He left Germany at the age of 25 steeped in the ‘New Objectivity’ style of photography: he had taken front-on, clear-eyed photographs of poverty in Portugal; he had taken deep-focussed architectural views of nineteenth-century palaces on behalf of his art-historian father; he had been commissioned by the contemporary expressionist architect and family friend Erich Mendelsohn to photograph the last of his buildings in Germany before he himself had fled for Britain in 1933; he had made advertisements for modern products such as sheer stockings, dramatically lit in the latest studio style; and he had made low-angled sunlit portraits of his fellow Contempora School students heroically looking into the future.

He arrived in Melbourne in 1938 and set up a studio in South Yarra with the latest photographic equipment which he had sent on ahead. But he found pre-war Melbourne to be very different to Berlin, and opportunities severely limited. He decided to specialise in industrial and architectural photography, where he could immediately apply what he had learnt about the purity of design and the essential honesty of the machine. He rapidly found several large clients, but from 1942 volunteered to assist in the Australian war effort. After the war Sievers’ career took off again, buoyed by Australia’s building and industrial boom. For his industrial clients Sievers provided shots for their annual reports, publicity brochures and advertising.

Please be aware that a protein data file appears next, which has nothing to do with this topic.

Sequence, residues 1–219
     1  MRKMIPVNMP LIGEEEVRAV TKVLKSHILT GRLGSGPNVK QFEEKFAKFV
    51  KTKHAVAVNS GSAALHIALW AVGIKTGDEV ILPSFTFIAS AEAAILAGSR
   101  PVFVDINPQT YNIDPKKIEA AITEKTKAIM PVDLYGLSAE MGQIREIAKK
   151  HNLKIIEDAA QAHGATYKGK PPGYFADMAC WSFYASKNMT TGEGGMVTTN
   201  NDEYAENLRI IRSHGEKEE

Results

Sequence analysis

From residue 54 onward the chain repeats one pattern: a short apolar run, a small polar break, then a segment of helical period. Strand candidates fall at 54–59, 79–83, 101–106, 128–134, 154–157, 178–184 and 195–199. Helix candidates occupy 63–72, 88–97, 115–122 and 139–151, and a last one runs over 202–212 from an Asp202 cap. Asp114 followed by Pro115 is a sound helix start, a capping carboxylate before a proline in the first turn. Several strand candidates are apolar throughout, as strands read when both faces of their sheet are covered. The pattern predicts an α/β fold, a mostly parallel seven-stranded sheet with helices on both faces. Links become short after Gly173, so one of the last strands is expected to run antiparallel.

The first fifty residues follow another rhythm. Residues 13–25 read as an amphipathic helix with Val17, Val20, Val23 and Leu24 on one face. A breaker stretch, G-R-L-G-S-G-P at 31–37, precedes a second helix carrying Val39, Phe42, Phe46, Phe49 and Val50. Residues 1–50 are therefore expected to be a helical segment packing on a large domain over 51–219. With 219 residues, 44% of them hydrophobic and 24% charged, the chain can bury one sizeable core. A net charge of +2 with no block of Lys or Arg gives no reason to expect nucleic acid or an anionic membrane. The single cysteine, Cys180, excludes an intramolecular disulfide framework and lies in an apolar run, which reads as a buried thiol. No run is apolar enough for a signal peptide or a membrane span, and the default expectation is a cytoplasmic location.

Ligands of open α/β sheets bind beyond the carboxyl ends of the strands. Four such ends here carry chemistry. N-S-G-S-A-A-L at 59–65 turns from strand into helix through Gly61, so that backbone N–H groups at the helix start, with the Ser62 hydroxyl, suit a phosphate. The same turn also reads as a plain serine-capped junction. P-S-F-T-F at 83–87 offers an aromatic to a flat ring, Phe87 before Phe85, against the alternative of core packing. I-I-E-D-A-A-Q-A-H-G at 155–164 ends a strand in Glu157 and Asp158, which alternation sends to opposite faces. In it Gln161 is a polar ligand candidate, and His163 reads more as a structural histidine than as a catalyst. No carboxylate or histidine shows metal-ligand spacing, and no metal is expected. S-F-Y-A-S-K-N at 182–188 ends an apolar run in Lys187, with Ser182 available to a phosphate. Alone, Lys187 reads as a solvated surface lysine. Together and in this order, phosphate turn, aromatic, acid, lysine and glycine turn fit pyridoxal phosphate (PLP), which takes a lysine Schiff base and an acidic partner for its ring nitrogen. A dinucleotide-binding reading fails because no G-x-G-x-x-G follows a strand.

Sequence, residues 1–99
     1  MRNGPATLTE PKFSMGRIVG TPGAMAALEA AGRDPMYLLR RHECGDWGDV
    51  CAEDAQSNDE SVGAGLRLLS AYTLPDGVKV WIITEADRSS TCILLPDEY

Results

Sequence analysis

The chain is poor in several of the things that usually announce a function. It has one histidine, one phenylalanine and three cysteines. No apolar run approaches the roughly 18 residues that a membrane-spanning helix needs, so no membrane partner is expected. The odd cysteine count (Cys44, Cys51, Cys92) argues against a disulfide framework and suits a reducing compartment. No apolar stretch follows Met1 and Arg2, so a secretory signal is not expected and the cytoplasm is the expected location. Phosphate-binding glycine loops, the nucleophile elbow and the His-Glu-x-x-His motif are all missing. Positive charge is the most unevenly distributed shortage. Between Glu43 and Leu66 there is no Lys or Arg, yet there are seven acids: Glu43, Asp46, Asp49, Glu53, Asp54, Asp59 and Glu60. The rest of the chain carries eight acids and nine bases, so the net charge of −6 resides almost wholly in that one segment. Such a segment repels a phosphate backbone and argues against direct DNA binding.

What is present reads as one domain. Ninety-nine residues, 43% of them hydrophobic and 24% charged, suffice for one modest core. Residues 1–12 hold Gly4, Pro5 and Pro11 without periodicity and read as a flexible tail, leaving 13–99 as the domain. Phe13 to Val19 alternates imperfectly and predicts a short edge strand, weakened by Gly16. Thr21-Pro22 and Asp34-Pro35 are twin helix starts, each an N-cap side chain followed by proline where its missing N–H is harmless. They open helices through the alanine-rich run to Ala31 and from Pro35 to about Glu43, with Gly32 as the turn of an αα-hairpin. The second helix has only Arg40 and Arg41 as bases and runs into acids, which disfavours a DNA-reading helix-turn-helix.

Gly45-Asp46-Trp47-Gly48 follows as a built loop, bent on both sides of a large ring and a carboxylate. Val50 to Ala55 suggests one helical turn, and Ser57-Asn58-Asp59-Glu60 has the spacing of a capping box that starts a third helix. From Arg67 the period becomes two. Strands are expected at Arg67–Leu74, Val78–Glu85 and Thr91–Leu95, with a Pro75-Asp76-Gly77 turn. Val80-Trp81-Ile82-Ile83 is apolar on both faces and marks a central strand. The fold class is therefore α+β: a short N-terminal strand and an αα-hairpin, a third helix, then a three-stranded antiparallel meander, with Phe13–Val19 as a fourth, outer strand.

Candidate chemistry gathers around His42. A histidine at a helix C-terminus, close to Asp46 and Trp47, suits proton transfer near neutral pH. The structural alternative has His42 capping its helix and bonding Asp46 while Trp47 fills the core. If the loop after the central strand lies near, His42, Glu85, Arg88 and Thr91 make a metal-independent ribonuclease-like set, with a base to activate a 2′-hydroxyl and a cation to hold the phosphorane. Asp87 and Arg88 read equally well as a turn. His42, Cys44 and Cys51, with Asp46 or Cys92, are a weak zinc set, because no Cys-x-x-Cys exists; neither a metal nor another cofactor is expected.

One of his biggest clients was the heavy engineers Charles Ruwolt, which were taken over by the British based company Vickers in 1948. A problem many industrial photographers faced was the visual mess and distraction of any factory floor. (This can still be seen in some of Sievers’ shots, such as the grim Sweatshop, Melbourne, 1958). The graphic designers of annual reports generally got around this problem by simply cutting the distracting background out of the photographs, often leaving a heavily airbrushed image of an odd-shaped piece of machinery floating isolated on the page with no sense of scale or drama. Sievers solved the problem photographically by either raising his camera  to look down on the machinery, or lowering the camera to shoot upwards against the roof, and using his own lights to light the machinery whilst leaving the distracting background in darkness. For example in reality the Nordberg Crusher he photographed in 1969 was hemmed around with factory paraphernalia, but Sievers organised a thorough clean up of the area around the crusher and built a platform to elevate his camera, he then descended into the crusher with ladders to light its interior, emphasising its circular shape and its depth. As a bonus he wedged a dramatically lit lab-coated operator into the lower right hand corner for the final shot. The image then created its own graphic force and internal visual drama that could be used in any publicity situation. (According to Seivers himself the subsequent publication of the image in the financial press resulted in a multi-million contract for the company.)